How to Be…Habitual
by Lindsay Timmington
Day 5 of the yoga_girl challenge and today the theme is “Get Rid of a Bad Habit.” Unfortunately I have more than my fair share of bad habits to break but I stumbled across the one that’s probably the least healthy as I went to shower this morning.
Three years ago I lost about twenty pounds. I wasn’t terribly overweight but I was terribly uncomfortable in my own skin and finally at a point where I was ready to live a healthier life. When I got to what I now consider my ‘fighting weight,” I was amazed at the difference twenty pounds made. I was curvy, strong and finally felt like my outside matched how I felt inside.
I’ve been able to, with relative success, maintain my weight despite some natural ups and downs moving in accordance with the ups and downs of life. But the truth is, I’m an emotional eater and I often found myself turning to food for solace making my attempt to maintain a ‘fighting weight” substantially more difficult. And in the past couple of years I’ve gone through some “sit on the couch and eat a block of cheese” type periods in the past two years.
What I found worked for me was a regular weigh-in each week, and-as taboo as the phrase may be-calorie counting. I found that if I didn’t log my food, my mind would quickly erase a cookie or five and what I knew to be a double or triple portion would be reasoned away into a single serving. Exercising has never been a commitment I’ve had trouble keeping but logging an accurate calorie loss isn’t always easy. At the end of the day, the whole thing is time-consuming, stressful and can unfortunately and terrifyingly give you a major complex that can quickly head down the road to disorder.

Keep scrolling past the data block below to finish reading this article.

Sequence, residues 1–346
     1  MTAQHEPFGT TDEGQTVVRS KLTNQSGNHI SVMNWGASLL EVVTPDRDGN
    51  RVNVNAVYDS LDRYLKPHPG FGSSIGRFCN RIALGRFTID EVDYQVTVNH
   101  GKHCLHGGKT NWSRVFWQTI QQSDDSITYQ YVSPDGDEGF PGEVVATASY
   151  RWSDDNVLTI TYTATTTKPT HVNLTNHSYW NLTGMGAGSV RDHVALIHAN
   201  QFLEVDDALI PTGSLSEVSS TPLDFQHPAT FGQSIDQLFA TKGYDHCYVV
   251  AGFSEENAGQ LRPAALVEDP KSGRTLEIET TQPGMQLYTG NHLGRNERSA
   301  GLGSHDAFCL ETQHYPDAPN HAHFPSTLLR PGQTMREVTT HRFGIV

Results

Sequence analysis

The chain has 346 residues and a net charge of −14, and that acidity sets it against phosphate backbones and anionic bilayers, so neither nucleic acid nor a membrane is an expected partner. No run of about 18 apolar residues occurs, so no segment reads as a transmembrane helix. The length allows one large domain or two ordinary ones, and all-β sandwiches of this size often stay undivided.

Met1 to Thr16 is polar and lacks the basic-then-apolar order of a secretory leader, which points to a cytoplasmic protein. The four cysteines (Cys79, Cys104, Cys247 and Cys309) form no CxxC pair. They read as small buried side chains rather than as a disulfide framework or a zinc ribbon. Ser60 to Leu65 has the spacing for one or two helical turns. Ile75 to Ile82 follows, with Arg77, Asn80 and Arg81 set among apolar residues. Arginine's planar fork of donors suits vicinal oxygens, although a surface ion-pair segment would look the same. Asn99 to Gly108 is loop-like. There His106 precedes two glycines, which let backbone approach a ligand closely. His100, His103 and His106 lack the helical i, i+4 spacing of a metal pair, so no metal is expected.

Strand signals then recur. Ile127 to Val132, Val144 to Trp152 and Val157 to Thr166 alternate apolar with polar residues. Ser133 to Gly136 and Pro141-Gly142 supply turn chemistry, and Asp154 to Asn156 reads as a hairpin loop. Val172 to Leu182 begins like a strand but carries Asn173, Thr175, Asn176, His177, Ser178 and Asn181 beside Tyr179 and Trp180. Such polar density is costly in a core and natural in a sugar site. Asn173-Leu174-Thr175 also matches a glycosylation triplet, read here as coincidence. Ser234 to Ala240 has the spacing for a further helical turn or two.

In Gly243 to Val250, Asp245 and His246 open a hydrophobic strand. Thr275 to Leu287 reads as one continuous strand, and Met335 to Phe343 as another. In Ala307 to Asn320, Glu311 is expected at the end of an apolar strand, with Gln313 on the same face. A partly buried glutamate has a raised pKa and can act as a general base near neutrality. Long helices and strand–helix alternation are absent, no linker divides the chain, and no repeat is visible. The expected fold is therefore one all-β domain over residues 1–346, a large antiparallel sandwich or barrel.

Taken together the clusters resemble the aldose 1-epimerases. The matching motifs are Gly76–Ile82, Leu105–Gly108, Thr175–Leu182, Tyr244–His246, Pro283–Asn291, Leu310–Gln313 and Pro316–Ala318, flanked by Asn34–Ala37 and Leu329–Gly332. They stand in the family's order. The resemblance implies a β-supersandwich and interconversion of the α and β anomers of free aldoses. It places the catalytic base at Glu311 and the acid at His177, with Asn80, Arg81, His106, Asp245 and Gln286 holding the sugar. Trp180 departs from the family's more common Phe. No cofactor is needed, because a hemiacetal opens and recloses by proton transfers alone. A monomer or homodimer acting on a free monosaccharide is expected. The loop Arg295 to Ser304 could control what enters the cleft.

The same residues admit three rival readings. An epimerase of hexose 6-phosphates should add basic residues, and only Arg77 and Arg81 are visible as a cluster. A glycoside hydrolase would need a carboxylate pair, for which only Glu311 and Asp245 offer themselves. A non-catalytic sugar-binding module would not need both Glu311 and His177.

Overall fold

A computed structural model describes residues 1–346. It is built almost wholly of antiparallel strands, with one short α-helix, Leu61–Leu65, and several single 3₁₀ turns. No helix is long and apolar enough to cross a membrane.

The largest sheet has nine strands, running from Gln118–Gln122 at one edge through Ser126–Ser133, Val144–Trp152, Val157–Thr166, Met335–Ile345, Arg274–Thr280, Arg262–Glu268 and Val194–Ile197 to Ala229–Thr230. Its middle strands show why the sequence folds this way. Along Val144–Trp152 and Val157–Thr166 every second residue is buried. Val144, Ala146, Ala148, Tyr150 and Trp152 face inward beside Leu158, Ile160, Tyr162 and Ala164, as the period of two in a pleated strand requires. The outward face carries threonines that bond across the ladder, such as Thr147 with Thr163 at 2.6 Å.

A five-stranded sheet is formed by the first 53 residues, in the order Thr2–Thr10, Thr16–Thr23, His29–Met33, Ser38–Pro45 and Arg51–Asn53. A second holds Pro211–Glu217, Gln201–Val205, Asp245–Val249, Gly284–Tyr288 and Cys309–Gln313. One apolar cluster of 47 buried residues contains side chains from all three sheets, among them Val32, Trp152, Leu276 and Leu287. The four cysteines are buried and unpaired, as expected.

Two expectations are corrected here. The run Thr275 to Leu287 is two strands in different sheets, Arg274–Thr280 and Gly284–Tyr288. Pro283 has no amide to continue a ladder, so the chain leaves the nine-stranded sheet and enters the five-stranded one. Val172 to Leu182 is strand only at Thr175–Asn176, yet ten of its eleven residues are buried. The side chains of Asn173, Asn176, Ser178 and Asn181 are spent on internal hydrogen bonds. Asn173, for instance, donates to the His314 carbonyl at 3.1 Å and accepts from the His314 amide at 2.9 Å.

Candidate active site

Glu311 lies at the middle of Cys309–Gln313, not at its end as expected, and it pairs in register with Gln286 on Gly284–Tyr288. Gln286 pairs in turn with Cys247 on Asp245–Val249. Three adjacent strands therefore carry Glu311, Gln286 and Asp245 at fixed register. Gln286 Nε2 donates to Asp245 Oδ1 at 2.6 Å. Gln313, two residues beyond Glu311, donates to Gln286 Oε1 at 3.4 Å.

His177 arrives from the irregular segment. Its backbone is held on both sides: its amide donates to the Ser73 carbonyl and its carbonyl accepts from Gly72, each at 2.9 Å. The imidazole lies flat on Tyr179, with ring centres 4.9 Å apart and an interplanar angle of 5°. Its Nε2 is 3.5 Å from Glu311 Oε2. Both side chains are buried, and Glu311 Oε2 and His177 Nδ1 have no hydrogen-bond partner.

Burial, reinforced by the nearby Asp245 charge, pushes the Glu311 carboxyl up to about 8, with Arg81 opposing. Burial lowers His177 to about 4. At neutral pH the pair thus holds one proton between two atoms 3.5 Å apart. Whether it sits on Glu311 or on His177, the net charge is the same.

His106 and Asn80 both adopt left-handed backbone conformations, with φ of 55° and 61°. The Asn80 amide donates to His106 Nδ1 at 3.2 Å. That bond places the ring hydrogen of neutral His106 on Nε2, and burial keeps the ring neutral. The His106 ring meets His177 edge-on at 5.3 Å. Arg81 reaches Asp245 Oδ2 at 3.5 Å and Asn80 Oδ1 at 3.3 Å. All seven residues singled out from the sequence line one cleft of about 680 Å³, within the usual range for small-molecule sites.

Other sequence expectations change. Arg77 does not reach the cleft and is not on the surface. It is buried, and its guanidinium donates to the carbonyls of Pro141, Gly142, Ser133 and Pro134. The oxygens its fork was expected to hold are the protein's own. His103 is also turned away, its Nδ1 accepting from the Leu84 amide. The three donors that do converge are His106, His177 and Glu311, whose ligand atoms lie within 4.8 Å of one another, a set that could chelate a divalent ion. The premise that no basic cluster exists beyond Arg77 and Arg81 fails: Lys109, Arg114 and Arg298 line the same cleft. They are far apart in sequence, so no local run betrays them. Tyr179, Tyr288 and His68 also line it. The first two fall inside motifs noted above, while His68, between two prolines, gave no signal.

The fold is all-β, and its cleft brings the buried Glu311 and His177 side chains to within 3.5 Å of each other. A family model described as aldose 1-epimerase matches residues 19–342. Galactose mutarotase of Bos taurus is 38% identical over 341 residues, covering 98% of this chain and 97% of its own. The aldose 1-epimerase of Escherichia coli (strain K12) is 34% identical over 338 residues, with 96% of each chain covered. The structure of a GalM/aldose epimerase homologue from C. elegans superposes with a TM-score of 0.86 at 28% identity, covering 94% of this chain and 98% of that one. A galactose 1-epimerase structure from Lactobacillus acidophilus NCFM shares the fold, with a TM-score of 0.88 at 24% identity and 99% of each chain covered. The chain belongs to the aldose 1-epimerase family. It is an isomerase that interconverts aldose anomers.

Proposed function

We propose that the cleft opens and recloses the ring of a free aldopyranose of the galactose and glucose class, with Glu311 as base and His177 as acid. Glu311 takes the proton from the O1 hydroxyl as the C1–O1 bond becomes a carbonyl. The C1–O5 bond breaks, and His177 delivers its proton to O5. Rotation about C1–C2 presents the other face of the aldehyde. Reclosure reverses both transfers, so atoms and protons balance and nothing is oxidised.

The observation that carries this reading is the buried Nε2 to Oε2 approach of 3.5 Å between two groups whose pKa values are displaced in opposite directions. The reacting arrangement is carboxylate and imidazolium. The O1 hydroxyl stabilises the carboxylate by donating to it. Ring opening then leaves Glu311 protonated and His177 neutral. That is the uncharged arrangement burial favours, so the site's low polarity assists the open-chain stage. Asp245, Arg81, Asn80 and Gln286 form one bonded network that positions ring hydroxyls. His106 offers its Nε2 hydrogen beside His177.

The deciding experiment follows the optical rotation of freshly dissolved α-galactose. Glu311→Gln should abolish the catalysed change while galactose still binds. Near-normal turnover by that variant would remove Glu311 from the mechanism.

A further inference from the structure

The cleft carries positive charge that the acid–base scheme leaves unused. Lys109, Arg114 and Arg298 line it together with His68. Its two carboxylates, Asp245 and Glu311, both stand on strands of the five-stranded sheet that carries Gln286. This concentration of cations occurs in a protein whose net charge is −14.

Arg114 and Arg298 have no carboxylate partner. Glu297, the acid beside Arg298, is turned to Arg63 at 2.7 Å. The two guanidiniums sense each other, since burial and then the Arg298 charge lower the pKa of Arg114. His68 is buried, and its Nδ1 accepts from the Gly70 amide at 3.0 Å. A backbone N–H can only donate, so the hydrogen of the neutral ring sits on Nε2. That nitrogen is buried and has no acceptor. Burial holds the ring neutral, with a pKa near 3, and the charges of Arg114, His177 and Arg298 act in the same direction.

So the bad habit I’m getting rid of for the remainder of the challenge is my scale. What began as a weekly weigh-in quickly has turned into a daily (admittedly sometimes twice daily) step on the scale and I see how easy it is to become obsessed with food, exercise, calories and weight. I’d step on the scale each morning, unclothed, on an empty stomach and the numbers that flashed back would determine the course of my day, my mood, my meal plan and my confidence level. And at the end of the day it’s pretty shitty to be shackled to a number on the scale.
I can rant and rave about society and the objectification of women and the pressure to be pretty and skinny and sexual and this, that and the other, but at the end of the day the only person we control is ourself including our reaction and our attitude about ourselves and the world that sees us. So I’m choosing to render my scale, “out of order” for the remainder of the challenge.
Here’s to letting a number on the scale be a number that neither represents your worth or drives the direction of your day. Here’s to measuring your worth not in the weight of your body, but your heart.